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Disciplinary Actions for Employee Behavior: What Are Your Options?

written by: •edited by: Michele McDonough•updated: 8/27/2010

Almost every employer will come across an employee that has behavioral issues at work. Instead of allowing the characteristics to continue, what forms of disciplinary action for behavior problems are legal and allowed at the workplace? Jean Scheid gives some examples.

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    What Is an Employee Behavior Problem?

    Smile 3D Free Digital Photos Basically, in today’s workforce, a behavior problem seen in an employee can be anything from constant tardiness to not reaching assigned goals to simply not performing their job functions. Behavioral problems can also come in the form of more severe actions such as discrimination or sexual harassment and even employee theft.

    Handling these issues is usually done with disciplinary action including written warnings, a change in position, and sometimes termination.

    Let’s look at some examples of various employee behavior problems, and how you, as an employer, should handle these situations.

    Image Credit (Free Digital Photos)

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    Employee Discipline & Warnings Are Legal

    Man Talk Free Digital Photos Most new employers probably wonder about the legality of employee discipline. Well, we’re not talking about pulling out the employee paddle here, because that is illegal. What you need instead is a process to follow that is equal and implemented fairly across the board.

    First, learn how to set up a policy on written warnings by reading my article, Difficult Employees: Why You Need to Document Warnings. In this article you’ll find tips on how to implement an employee warning/discipline process by identifying what is considered a violation of your company policy and then documenting the problem through a written warning system.

    You can also set up how the disciplinary process will work such as:

    • Repetitive (Small) Violations – If it’s consistent tardiness to the workplace or not punching in or out, or leaving early, you may implement a written warning process that’s a "three strikes and you’re out" policy.
    • Severe Violations – If a behavioral problem is with the employee constantly offending others via sexual harassment or discrimination, you need to implement and follow an investigative process. Learn how to set one up and implement one, including termination if needed, in my article, Dealing with Sexual Harassment in the Workplace. This article is also a good guide to follow for discrimination complaints.
    • Immediate Termination – Some behavioral problems such as the use of drugs or alcohol at the workplace can often mean your other employees are unsafe. It’s totally legal to implement a policy that states that any employee who violates this policy will be terminated. Physical fighting with co-workers or customers and employee theft can also be grounds for immediate termination.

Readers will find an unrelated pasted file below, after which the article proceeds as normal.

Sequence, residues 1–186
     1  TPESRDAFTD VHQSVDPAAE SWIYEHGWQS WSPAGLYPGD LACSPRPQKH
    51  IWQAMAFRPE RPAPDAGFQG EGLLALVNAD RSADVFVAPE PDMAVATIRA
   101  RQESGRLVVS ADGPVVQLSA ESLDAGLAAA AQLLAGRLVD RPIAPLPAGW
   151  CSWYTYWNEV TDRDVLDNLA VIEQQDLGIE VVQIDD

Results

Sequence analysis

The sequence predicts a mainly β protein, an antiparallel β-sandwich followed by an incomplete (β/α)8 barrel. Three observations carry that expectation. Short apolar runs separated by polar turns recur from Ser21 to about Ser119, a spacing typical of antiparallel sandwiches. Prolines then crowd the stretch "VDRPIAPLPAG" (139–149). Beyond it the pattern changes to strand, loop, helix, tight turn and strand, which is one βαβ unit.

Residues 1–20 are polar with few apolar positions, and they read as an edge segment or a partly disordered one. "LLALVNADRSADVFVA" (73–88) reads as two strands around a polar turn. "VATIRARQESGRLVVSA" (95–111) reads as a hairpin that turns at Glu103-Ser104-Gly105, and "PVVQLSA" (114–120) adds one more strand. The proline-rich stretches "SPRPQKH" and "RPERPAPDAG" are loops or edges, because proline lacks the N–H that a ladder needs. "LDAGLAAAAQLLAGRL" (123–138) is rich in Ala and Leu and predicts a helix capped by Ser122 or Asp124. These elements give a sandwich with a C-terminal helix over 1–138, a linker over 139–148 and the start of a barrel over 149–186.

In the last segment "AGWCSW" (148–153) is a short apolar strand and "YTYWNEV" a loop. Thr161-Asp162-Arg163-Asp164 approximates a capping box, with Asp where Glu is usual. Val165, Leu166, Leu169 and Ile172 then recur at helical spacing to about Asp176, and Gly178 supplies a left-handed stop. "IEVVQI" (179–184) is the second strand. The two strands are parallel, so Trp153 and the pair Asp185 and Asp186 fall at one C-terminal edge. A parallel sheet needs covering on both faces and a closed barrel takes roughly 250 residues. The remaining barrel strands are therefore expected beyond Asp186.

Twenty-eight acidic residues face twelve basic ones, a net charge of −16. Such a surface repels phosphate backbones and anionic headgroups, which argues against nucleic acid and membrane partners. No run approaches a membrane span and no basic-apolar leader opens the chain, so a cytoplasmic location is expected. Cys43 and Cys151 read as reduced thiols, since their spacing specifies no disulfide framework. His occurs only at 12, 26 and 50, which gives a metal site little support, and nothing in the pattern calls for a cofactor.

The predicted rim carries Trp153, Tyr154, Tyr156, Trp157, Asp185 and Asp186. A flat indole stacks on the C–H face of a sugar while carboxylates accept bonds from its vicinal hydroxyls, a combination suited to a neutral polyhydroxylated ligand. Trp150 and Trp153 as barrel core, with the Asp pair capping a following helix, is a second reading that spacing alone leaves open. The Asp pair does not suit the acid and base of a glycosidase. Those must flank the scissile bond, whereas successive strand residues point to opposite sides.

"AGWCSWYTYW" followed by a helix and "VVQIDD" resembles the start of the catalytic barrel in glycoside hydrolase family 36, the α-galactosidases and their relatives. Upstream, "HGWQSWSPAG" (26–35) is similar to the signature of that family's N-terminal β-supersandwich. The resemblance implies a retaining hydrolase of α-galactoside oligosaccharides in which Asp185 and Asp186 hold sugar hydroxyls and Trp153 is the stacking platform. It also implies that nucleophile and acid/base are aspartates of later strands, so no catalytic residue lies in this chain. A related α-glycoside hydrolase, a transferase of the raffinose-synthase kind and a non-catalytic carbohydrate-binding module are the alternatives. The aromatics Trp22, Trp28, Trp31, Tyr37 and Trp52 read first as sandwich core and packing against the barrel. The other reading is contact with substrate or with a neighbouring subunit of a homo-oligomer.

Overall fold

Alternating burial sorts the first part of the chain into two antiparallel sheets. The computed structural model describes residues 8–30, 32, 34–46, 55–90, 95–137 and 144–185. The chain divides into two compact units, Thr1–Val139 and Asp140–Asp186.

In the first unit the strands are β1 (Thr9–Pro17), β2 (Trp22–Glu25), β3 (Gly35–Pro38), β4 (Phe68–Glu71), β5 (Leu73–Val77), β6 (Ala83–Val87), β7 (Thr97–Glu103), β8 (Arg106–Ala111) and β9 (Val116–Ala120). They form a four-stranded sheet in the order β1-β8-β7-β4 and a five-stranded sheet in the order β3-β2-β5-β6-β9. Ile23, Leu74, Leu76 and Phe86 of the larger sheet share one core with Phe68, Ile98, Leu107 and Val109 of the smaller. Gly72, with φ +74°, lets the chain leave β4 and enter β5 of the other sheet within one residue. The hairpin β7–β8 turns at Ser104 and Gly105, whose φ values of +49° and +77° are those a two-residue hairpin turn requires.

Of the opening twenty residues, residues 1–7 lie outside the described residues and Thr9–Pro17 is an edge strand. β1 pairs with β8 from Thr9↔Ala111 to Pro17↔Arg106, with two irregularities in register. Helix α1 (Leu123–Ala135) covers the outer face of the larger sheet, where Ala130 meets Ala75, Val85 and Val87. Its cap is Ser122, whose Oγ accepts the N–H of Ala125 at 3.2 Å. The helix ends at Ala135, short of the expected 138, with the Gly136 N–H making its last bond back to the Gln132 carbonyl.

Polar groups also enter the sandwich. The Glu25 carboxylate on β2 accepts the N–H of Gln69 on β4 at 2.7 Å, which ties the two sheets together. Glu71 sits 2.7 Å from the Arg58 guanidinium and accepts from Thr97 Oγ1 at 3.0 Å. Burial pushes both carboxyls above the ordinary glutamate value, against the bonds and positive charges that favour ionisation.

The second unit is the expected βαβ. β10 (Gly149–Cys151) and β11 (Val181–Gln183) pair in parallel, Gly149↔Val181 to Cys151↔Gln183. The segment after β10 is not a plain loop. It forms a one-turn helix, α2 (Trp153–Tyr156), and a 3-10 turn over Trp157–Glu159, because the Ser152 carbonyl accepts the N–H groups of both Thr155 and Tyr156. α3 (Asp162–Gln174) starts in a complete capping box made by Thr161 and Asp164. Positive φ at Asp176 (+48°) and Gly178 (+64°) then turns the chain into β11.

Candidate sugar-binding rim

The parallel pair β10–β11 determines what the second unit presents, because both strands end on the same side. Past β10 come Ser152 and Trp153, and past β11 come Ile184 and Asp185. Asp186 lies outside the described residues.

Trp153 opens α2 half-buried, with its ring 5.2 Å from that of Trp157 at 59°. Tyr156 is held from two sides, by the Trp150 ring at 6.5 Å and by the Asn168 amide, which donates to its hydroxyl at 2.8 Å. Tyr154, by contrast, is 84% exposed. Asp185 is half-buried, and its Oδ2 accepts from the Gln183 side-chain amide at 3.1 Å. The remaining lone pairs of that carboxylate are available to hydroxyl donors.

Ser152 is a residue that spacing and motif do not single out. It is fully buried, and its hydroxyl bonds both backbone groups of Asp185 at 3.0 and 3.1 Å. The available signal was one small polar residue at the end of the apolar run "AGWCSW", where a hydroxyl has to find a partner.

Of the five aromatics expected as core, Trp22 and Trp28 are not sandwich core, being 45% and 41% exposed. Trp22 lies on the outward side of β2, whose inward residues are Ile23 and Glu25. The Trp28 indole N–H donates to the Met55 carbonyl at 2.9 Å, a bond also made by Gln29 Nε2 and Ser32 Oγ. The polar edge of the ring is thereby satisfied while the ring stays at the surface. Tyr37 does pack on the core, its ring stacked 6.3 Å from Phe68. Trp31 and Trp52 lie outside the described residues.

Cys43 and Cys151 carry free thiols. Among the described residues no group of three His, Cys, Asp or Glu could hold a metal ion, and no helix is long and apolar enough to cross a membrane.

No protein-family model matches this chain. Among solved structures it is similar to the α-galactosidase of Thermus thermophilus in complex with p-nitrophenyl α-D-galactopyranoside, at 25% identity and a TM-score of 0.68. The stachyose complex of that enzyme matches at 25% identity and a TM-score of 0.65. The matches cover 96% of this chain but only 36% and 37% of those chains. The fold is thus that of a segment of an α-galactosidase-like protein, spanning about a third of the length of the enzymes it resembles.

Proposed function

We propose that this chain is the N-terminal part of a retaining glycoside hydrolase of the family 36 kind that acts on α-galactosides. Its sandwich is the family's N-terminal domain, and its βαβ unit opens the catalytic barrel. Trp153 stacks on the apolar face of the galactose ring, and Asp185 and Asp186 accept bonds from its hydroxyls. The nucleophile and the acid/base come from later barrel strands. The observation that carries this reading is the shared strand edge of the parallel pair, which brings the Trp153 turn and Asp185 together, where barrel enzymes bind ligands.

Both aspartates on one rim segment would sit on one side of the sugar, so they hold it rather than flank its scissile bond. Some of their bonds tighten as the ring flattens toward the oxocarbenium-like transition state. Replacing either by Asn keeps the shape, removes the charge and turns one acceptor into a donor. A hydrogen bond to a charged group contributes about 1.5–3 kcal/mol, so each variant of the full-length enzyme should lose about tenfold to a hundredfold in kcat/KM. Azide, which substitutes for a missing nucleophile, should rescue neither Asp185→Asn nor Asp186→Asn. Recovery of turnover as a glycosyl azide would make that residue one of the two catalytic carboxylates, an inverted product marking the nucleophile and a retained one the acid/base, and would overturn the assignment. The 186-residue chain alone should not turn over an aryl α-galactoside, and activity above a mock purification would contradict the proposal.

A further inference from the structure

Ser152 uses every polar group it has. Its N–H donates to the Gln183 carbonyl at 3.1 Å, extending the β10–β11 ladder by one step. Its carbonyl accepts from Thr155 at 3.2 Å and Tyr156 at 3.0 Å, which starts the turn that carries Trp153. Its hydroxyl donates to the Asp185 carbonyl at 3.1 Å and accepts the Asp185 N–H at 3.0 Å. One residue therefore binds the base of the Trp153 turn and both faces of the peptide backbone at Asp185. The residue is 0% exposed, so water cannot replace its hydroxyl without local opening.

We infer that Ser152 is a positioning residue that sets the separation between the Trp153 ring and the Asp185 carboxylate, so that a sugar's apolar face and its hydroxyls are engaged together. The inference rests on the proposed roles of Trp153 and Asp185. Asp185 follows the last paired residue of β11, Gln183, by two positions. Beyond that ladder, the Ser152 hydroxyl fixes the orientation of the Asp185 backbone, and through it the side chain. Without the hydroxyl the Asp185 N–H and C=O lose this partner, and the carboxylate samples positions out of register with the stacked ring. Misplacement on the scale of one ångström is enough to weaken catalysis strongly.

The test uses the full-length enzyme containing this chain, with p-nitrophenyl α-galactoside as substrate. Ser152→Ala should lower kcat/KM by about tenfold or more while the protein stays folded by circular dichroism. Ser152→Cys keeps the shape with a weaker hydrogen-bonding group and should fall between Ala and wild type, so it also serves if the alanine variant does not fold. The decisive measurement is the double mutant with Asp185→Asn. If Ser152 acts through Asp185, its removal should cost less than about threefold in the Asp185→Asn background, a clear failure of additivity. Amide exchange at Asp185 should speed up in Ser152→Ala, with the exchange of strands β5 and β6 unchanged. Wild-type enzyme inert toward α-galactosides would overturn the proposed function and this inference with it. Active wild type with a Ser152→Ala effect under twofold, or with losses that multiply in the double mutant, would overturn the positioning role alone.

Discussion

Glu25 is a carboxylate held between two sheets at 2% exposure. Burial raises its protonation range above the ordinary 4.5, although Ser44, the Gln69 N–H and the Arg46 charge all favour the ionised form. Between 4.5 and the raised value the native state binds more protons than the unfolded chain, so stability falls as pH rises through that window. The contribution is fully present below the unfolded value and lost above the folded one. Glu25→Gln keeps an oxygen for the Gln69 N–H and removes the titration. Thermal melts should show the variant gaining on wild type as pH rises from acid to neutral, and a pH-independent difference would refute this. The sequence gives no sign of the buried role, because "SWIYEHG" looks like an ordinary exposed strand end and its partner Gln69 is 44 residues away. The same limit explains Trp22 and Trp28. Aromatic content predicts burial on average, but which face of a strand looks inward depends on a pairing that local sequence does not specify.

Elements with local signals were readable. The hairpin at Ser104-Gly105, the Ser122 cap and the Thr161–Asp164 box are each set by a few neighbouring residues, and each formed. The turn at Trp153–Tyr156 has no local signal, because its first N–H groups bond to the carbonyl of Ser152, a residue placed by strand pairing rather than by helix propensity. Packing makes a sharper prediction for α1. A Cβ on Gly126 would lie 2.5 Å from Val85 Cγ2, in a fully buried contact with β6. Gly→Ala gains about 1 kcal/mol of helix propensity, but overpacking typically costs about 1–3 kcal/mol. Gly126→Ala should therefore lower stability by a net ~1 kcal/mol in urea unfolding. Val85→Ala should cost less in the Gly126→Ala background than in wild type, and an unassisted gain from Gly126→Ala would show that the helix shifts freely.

• Probationary Periods – Some behavioral problems that require discipline can also fall under a probationary period if the violation is something you feel can be worked out. For example, if a person is not performing up to par consistently and you find they need more training or an employee mentoring program, you could issue a warning that details how long the probationary period will be and track their progress.

    Image Credit (Free Digital Photos)

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    Document Everything Equally

    Writing Hand Free Digital Photos Disciplinary action for behavior problems when it comes to employees means you must document everything and every employee who violates a policy should be treated equally, regardless of position. You’ll find a helpful employee warning template in our Media Gallery that can be used for any one of the above situations and it’s best to stick with a uniform documenting process instead of having all sorts of forms and trying to determine when to utilize which form.

    Finally, if you counsel an employee and find the behavioral problems stem from an outside source, consider offering the employee some help. You can do this yourself and promise to be discreet or help them find either paid or unpaid counseling help in your area. If you offer employee healthcare benefits, see if your policy covers this type of help.

    These procedures are not hard to implement, but actually following them is perhaps the one thing new employers fail to do and shouldn’t. Documentation and set policies are often what will save you in the event of an employee lawsuit or if you have to appeal unemployment claim.

    Image Credit (Free Digital Photos)

Managing Employee Disciplinary Procedures

Although most consider it a dread task, it's important to manage employee disciplinary issues and to document any actions taken. Learn how to do this more effectively with this series of articles.
  1. Disciplinary Actions for Employee Behavior: What Are Your Options?
  2. Tips for Handling Employee Disciplinary Procedures
  3. Sample Forms for Disciplinary Action
  4. Documenting Disciplinary Actions: Sample Employee Letters
  5. Tips for Keeping a Record of Employee Disciplinary Acts